Lost railways: Multi-terrain from Sea to Sea on the Hornsea Rail Trail

This mixed terrain ride will take you from seaside to seaside, and we tested the perfect bike for the terrain...

During the 1960s over 5,000 miles of railway lines were axed following The Beeching Report.

Since then, many of these disused railway lines have been converted into traffic-free cycling and walking trails that we can enjoy up and down the country. We’re rounding up the best, and this week’s ride starts from Hull, on the Humber estuary and finishes at the seaside town of Hornsea.

Words: Maria David 

The Ride: Hornsea Rail Trail, East Yorkshire

Where: Hull to Hornsea

How far: 15 miles

Tucked in the corner of East Yorkshire, this former railway line ran between Hull and the coastal town of Hornsea from 1864 to 1965. As well as this greenway now being a popular route with the locals, long-distance cyclists will know it as the final part of this 215-mile long Transpennine Trail which starts in Southport.

After around 200 miles of undulating trails and lanes riders will be relieved to know that these final 15 miles are pan flat – or at most barely 20m above sea level!

Getting to the start

The start of the former Hull to Hornsea railway line was at Stoneferry Road, where a café now occupies the site of the old station. However, I started my ride from the aquarium known as The Deep, on Hull docks – an icon of Hull’s history – in the shadow of the Humber Bridge.

Reaching the trailhead was straightforward as there are lots of signs for either Hornsea, Transpennine Trail or National Cycle route 65.

The Trail

Once in the residential district of Hull I was on the trail. Although still tarmacked, it is not entirely smooth and a bike ready for off-road conditions is best. Soon I reached the Holderness Drain which marks the start of the countryside – the ride was soon is filled with views of vast plains interspersed with rural villages.

Various roads cross the trail as I reach each village, and a big house with remnants of a platform are signs that this was a station.

Nowadays these areas have been adapted as picnic sites – perfect if you’re riding with little ones (or older ones!) who need regular snack stops.

About half way along the trail the tarmac fades away and the terrain becomes a mixture of hard packed gravel and compacted earth. This is perfectly fine in the dry, however on the day I rode the route, conditions were decidedly muddy and I was in authentic cyclocross territory! The added challenge of negotiating the mud made this section of the ride an absolute treat, and it’d be good practice for anyone working on their bike handling skills.

My ride through the countryside and woodland of East Yorkshire ended on the seafront at Hornsea. I had only done 15 miles, as opposed to the 215 miles that many will have done from Southport, but it didn’t stop me from getting an ice cream as fuel for the return journey via the picturesque Hornsea Mere to Hull!

Looking for more traffic free lost railway rides? See the collection here.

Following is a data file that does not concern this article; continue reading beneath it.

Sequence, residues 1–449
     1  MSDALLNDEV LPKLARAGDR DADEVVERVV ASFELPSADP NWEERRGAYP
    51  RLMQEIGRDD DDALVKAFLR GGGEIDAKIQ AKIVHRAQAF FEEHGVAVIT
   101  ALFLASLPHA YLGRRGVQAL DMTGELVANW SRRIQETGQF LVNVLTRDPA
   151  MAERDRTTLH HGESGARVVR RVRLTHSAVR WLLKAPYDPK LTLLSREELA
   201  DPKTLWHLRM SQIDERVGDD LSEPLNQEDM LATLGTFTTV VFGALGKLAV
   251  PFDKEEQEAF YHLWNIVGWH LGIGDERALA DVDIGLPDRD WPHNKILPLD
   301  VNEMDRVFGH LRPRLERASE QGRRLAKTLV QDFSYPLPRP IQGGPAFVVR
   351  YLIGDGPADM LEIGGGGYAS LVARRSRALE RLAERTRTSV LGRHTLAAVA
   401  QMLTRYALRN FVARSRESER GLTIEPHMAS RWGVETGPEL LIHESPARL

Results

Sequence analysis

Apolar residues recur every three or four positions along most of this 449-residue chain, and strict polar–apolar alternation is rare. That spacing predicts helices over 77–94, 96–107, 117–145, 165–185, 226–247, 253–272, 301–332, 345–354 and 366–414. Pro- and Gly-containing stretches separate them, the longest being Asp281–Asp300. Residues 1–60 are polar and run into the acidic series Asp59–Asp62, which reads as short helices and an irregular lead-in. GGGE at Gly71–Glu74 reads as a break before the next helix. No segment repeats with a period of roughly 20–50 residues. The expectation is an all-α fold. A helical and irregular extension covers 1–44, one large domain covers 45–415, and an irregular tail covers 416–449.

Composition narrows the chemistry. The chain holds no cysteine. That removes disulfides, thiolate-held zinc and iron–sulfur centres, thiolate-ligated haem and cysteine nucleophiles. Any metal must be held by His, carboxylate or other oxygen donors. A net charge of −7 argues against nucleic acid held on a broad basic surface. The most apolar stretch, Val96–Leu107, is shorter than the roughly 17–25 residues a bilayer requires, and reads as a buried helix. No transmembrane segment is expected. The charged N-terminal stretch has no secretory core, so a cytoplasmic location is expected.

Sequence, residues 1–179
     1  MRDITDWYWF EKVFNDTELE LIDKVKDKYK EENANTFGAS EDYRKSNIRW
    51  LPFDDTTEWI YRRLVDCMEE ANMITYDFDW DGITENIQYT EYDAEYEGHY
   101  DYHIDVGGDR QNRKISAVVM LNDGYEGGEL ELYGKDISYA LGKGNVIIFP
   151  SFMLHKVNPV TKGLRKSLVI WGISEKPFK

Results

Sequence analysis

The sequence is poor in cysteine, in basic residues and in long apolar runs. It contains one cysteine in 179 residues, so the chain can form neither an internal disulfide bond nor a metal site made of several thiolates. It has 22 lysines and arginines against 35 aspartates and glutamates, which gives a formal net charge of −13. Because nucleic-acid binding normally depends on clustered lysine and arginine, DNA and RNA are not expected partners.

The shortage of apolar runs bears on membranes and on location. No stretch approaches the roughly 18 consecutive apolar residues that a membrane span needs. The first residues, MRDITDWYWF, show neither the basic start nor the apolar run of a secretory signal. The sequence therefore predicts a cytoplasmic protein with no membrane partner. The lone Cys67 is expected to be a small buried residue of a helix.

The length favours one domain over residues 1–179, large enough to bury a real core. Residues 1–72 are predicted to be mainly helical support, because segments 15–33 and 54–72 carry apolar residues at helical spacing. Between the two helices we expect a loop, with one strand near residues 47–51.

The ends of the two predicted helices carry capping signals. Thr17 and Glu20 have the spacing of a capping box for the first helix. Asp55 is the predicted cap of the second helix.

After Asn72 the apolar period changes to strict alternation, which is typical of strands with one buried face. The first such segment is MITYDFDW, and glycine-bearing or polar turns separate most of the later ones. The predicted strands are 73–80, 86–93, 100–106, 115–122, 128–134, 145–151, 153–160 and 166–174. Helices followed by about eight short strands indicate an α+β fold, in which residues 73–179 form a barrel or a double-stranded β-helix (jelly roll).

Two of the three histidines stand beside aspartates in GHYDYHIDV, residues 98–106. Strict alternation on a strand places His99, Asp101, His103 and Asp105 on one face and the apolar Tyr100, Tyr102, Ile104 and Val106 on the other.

The perfect bike for the day…

The multi-terrain surface of the Hornsea Rail Trail made it an ideal opportunity for me to also test and review the Mustang Sport gravel bike that Raleigh had provided me with. A gravel bike [often called an adventure road bike in the UK] is a long amble focused version of a cyclocross bike, which bridges the gap between road and mountain bike territory – giving you the perfect steed for mixed terrain and light off road use.

Marketing Spiel Aside: What is an Adventure Road Bike For? 

This fairly new breed of bike is great for those wanting something that can perform on and off-road, whilst providing more comfort than most cyclocross bikes which are geared towards an hour of va va voom at the expense of comfort. So the geometry of the Mustang Sport is more relaxed and provides comfort even if you are on it for hours. Furthermore, mounts for a rack and mudguards on the frame allow you to carry all that you need for a long excursion.

On the quiet roads and paths through the urban districts around Hull, the Mustang Sport was fairly unchallenged and rolled along smoothly. However, on a couple of cobbled sections through Hull Old Town the bike had to step up, and it made my ride comfortable enough thanks to dampening of the Schwalbe CX Comp tyres and the carbon fork.

The more aerodynamic position of a road bike obviously meant I could speed along much more quickly than I would on a hybrid, too – which meant my ice cream stop came around more quickly.

When I got to the muddier, boggier sections through the country, the Mustang knew how to get through it, and having disc brakes meant that there was very good clearance between the frame and the tyres. So I had no worries about the bike getting clogged up. I just had to worry about the big clean-up when I got home!

Tubeless tyres are standard on the Mustang Sport, which I must admit worried me a little as I was not familiar with them. But in fact these are great as they are less likely to suffer punctures than the traditional clincher tyres. They also hold their pressure well and you don’t have to carry a spare inner tube.

In my opinion the Raleigh Mustang Sport is a good option for multi-terrain rides particularly if you are not a speed merchant. It is heavier than some cyclocross bikes, but that makes it a sturdy option on all surfaces.

Looking for more lost railway rides? 

Lost Railway Rides: Forest Way Family Friendly Traffic Free Ride in Sussex

Lost Railway Rides: The Peak District’s Tissington Trail

Lost Railway Rides: Alban Way Traffic Free Route for any Bike

Lost Railway Rides: Macclesfield to Marple on Middlewood Way

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